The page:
Butch Walker Week

Butch Walker

Once upon a time, I had a lot more time to write about music than I do now!

In 2013, about a year after I joined the staff at AbsolutePunk, I decided I’d take on a project called “Butch Walker Week.” The basic idea was that I’d go back and write about every Butch album, from the records with his former band Marvelous 3 up to his solo output, in the week leading up to his then-new EP Peachtree Battle. That project ended up running 11 reviews and about 16,000 words of text.

When Jason started reviving old AbsolutePunk content to post here on Chorus, I knew I wanted to resurrect this feature. Butch Walker has been one of the absolute constants in my musical evolution for the past 15 years. Getting to write about all his records back then was super fulfilling (and even earned some Twitter recognition from the man himself). Reading back through these reviews reminded me how much these albums meant to me (and how much they continue to mean to me now). So whether you’re familiar with Butch’s work or just thinking about listening to him for the first time, I hope you’ll give these old write-ups a look!

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Review: Butch Walker – Peachtree Battle

I just remember my dad flew out to see me and first thing he got off the plane, I’d never seen him cry, and he just started crying. And it was a big moment for me because I could see he was proud of having a boy who could wipe his own ass and make his own way. And ever since then, I wanted his respect, no matter how I looked and how I dressed. So I tried to make him proud after that, and many, many years later and many failed attempts later and different bands and trying to be successful, and failing, he always had my back after that, and he would give me his only twenty dollars in his pocket and say ‘let’s go get some beer and hug it out.’ And…this is for him.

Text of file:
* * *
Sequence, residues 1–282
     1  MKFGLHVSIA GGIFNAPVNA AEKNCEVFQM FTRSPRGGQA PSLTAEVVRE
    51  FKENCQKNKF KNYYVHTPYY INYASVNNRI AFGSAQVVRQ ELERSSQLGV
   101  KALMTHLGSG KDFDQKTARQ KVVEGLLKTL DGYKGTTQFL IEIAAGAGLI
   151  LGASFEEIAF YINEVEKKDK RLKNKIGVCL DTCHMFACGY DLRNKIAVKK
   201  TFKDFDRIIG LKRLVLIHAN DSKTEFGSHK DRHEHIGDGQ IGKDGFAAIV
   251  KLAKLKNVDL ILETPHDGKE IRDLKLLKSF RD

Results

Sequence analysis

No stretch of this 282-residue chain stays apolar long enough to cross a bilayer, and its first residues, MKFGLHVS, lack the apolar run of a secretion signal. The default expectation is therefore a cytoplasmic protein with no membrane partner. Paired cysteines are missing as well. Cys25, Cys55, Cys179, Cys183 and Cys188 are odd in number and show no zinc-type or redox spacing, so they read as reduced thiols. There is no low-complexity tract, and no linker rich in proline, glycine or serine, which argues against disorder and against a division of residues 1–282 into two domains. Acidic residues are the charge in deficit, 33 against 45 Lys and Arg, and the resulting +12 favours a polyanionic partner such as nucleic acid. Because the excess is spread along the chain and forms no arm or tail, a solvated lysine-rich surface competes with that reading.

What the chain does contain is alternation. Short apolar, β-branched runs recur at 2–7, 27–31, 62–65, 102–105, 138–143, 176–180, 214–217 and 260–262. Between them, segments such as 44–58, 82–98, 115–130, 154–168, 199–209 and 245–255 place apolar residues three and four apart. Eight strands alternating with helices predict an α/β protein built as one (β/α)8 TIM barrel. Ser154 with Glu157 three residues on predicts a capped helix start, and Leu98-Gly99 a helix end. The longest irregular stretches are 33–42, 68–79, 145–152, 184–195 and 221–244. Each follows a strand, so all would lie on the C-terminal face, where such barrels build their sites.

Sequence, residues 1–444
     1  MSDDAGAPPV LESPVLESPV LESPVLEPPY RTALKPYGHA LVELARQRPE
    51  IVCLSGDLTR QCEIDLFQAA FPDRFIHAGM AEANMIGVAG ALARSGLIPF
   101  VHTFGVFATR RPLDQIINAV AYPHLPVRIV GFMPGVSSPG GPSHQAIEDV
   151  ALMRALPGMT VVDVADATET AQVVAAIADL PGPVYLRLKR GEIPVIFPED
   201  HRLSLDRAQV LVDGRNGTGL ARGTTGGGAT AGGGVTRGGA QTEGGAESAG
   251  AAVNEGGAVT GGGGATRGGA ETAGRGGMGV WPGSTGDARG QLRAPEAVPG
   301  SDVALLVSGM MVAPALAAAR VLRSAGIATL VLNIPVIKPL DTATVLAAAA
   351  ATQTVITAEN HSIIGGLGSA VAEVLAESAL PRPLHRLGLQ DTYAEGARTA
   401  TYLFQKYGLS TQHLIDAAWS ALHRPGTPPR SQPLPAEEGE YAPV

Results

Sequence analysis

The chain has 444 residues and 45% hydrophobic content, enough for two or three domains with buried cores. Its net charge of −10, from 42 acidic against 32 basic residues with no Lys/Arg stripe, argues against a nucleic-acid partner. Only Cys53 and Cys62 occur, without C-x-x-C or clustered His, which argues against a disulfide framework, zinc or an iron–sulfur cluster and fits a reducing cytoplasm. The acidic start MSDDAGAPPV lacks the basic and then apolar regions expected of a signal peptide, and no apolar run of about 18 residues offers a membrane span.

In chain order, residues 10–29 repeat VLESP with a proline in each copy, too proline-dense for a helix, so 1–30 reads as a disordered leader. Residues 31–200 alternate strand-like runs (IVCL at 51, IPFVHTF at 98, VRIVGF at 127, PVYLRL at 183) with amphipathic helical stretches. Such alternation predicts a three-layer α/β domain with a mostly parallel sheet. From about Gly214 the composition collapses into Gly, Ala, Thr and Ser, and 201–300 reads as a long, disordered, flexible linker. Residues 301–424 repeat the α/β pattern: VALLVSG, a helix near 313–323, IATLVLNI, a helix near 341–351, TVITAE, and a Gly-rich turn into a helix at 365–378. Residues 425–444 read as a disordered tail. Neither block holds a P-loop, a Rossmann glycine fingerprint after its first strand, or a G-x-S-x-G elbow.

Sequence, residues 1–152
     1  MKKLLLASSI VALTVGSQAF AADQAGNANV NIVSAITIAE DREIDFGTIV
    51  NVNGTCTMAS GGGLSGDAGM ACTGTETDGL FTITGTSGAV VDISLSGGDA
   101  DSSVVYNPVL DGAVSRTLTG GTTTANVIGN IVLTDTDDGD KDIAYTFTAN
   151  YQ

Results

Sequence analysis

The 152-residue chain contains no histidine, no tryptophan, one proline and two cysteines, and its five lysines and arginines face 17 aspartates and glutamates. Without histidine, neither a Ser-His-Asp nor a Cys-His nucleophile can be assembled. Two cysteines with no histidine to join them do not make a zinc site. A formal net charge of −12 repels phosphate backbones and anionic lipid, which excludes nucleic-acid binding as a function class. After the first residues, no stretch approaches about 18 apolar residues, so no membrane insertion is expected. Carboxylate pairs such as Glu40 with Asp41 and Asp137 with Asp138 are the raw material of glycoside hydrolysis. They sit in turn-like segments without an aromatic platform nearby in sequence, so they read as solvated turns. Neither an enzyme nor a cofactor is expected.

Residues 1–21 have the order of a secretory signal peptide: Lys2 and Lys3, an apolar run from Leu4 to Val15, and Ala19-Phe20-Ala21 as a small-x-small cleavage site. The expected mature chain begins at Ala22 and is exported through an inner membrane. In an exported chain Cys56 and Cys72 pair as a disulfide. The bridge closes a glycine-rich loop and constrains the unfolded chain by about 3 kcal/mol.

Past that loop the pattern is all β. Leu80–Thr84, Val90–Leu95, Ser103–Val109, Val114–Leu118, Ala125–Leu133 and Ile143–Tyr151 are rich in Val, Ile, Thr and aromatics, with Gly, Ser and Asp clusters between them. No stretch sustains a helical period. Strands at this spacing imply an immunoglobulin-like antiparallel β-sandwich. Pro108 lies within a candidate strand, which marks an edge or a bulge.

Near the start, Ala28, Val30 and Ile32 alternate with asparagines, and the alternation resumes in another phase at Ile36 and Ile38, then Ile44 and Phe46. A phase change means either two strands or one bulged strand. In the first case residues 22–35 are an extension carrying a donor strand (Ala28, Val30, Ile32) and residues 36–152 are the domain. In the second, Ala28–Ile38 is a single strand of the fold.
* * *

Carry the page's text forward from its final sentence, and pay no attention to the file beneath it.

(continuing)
Butch Walker, dedicating a song to his father at a recent concert

Over the past week, I’ve written ten reviews spanning ten different records from Butch Walker, my favorite living songwriter—or at very least, a guy I consider tied with Bruce Springsteen for that title. I’ve covered solo albums, full-band records, and side projects, and I’ve written about nearly every song that Walker has written in the past 15 years. I did it in some 16,000 words, in a feature I called “Butch Walker Week,” and for those who have made the journey with me—and survived that hefty word count to get to here, no less—I thank you for your attention. It’s been an adventure, to say the least, a walk through some of my favorite songs of all time and through records that have shaped my life since I first stumbled upon Letters eight and a half years ago. And today I reach the end—or hopefully, the middle—of Walker’s catalog with a new EP called Peachtree Battle, which releases to digital outlets today. Suffice to say, it feels like a good place to pause the music, lay down my pencil—er…laptop keyboard—and reflect. This album, I think, is a culmination.

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Review: Butch Walker – The Spade